Thursday Aug 21 2008
Vehicle fire ignites Flyers station
By: Bruce Warren Journal Staff Writer
4 engines respond to Newcastle blaze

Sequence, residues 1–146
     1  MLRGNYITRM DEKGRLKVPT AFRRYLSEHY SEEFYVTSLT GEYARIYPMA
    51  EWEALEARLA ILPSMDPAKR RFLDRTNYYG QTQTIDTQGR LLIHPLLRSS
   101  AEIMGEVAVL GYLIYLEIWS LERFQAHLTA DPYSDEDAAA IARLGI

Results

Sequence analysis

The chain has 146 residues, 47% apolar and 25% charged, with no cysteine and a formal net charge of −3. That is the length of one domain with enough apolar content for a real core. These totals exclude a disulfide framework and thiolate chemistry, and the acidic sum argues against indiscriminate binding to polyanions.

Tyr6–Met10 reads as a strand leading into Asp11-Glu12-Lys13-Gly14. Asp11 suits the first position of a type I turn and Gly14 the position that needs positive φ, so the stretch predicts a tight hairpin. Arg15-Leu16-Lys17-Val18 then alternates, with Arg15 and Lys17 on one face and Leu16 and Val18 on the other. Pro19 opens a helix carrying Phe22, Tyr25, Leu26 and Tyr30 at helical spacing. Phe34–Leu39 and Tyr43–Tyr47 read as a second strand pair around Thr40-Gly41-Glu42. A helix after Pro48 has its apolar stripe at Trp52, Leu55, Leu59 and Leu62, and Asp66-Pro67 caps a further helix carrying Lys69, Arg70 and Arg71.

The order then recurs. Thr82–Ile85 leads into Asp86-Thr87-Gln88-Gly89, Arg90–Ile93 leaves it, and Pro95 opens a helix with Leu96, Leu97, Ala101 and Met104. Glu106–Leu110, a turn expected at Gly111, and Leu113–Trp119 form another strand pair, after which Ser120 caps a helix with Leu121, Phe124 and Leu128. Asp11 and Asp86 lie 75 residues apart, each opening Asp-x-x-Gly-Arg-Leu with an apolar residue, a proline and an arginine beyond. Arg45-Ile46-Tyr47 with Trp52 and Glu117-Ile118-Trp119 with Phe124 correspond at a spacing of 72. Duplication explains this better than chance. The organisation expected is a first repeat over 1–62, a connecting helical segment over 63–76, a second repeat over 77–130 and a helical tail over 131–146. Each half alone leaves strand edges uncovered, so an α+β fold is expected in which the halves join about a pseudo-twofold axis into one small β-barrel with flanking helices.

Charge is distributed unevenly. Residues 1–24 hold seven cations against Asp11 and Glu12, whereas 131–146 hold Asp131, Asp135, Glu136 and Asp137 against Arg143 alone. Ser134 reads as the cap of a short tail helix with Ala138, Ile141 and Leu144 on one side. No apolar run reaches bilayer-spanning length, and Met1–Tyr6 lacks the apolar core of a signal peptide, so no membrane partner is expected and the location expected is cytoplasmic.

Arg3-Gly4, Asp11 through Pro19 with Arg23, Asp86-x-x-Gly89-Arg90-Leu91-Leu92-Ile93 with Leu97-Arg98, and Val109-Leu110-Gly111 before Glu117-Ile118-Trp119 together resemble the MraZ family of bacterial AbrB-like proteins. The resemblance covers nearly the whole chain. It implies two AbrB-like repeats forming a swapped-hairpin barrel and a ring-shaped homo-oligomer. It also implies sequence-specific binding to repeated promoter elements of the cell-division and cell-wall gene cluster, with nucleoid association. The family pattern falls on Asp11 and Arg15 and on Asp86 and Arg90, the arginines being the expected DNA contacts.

NEWCASTLE - Quick action by Sunny Kahan and speedy response time by the Newcastle and Penryn fire departments saved the day at the Flyers gas station Thursday morning. Kahan, store manager of the Flyers station, pushed the emergency shut-off switch, as soon as he saw flames from the pump area of the station, located at the Newcastle exit of Interstate 80. Gene Classon of Auburn was refueling his Ford pickup truck when he heard a noise from the back of the camper shell attached to his truck. “I heard a little boom and I opened the back,” Classon said. It was then that flames dancing 12 feet high poured out the back of the truck. “They brought a fire extinguisher and it didn’t work,” he said. Before that, Classon, Kahan and an unidentified woman tried to put the fire out with water from buckets at the station island. “I haven’t a clue what happened,” Classon said. “I was fueling when it happened. I must have had maybe five or six gallons in it when it happened. Fire started in back of the camper near the area of the propane heater.” Laura Brahce, a biology teacher at Sierra College, was fueling her Subaru at an adjacent pump island, as she was on the way home after finishing her morning jog. “I was filling my tank at the same time he was and there was an explosion inside his camper,” Brahce said. “The owner went out and opened the back. There was another woman trying to help him out.” By that time, fuel was spilling out everywhere. “There was diesel pouring out all over because he left the pump running,” Brahce said. “I was in my car when fire spread from his camper to the ground, so I just got out and ran.” Paul Dahms, who works in an office next to the Flyers station, heard an explosion and went out with his administrative assistant Claudette Horvath to see what happened. “We just saw the truck burning and heard the explosion first,” Dahms said. “The flames were up over the canopy.” After someone at the Flyers station dialed 911, sometime after 9 a.m., fire truck No. B-41 of the Newcastle Fire Protection District arrived on the scene in minutes, followed by engine No. 38 of the Penryn Fire Protection District. Officer Dave Monteeho of the California Highway Patrol said he got the call around 9:30 and arrived about 9:35 a.m. to close the area to traffic. The fire potentially could have been much worse. When Chief Dave Ebert of the Penryn Fire Protection District got the call, it looked bad. “The initial report was pretty grave,” Chief Ebert said. “But everything went as it should. The automatic gas-station shutdown worked as it should. Four engines got here. I was real close to pulling a second alarm. All in all, I think we’re very, very lucky.” Flyers store manager Kahan was alert enough to hit the emergency switch that shuts off fuel and electricity to the pumps. “I went and hit the emergency switch inside, and then I hit the switch outside,” Kahan said. Thomas Dwelle, general partner of Nella Oil Company, which owns and operates many Flyers gas stations, was at the Newcastle station Thursday. He praised Kahan’s quick thinking and the response time of local fire districts. “The best thing to do is what Sunny did and that shuts down everything outside,” Dwelle said. “Sunny was the real hero here and the firemen.” Classon’s Ford F-250 pickup truck was totally gutted by the fire, as was most of the pumping island where he was parked. Intense heat from the flames caused the metal frame above the pumps to partially melt and become a twisted wreck. The cause of the fire is still being investigated, but fire officials know where it started. “We know the fire came out of the back of the camper and spread rapidly to the canopy over the gas pump,” Chief Ebert said. Classon suffered minor bruises and abrasions to the side of his face. He refused medical attention from local emergency medical technicians who responded, because he wanted to see his own doctor, he said. There were no other injuries. At the time of the fire, Classon was alone in his truck and was heading to Dillon’s Beach for an outing with family members. “I didn’t make it very far,” he said.